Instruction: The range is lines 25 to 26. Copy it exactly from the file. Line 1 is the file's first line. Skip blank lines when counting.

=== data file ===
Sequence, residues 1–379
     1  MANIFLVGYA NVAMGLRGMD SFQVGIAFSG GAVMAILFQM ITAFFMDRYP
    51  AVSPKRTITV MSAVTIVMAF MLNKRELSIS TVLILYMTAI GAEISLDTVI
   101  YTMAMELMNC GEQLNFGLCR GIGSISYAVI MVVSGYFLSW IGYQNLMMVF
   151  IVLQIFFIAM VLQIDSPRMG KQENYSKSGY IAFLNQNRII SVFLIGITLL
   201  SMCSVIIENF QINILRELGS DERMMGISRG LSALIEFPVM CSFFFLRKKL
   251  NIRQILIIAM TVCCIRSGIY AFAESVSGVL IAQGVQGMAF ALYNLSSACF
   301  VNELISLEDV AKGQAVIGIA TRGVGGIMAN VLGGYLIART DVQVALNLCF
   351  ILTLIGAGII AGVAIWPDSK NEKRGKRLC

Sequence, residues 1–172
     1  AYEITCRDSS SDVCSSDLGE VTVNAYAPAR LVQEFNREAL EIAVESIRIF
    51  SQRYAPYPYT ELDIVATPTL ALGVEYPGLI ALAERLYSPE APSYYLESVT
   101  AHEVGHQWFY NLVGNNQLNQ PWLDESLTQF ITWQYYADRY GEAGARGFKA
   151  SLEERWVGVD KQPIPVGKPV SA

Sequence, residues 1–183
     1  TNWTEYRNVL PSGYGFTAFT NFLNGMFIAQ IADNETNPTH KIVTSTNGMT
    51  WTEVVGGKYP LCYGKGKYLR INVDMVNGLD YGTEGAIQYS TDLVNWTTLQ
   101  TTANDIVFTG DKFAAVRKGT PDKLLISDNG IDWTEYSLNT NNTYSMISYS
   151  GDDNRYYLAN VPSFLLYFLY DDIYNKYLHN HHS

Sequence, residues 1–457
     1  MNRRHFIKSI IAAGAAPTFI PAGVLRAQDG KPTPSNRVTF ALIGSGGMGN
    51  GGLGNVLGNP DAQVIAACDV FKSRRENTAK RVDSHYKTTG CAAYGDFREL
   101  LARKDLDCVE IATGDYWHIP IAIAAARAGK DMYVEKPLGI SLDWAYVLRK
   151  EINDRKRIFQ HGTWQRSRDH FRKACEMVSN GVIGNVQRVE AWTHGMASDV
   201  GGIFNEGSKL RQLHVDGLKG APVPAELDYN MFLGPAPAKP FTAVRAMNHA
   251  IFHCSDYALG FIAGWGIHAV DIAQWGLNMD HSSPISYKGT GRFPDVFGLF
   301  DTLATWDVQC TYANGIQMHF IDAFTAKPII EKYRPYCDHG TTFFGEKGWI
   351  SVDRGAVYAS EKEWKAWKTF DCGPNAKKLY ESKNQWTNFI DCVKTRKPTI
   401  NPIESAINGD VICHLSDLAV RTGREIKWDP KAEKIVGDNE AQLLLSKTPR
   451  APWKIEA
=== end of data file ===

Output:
   201  GGIFNEGSKL RQLHVDGLKG APVPAELDYN MFLGPAPAKP FTAVRAMNHA
   251  IFHCSDYALG FIAGWGIHAV DIAQWGLNMD HSSPISYKGT GRFPDVFGLF